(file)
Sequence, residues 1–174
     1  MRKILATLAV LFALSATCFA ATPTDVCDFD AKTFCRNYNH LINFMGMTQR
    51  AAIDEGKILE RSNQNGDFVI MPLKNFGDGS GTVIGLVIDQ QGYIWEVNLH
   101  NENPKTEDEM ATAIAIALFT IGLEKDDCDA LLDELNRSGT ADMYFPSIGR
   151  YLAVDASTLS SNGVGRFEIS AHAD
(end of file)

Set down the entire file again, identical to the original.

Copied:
Sequence, residues 1–174
     1  MRKILATLAV LFALSATCFA ATPTDVCDFD AKTFCRNYNH LINFMGMTQR
    51  AAIDEGKILE RSNQNGDFVI MPLKNFGDGS GTVIGLVIDQ QGYIWEVNLH
   101  NENPKTEDEM ATAIAIALFT IGLEKDDCDA LLDELNRSGT ADMYFPSIGR
   151  YLAVDASTLS SNGVGRFEIS AHAD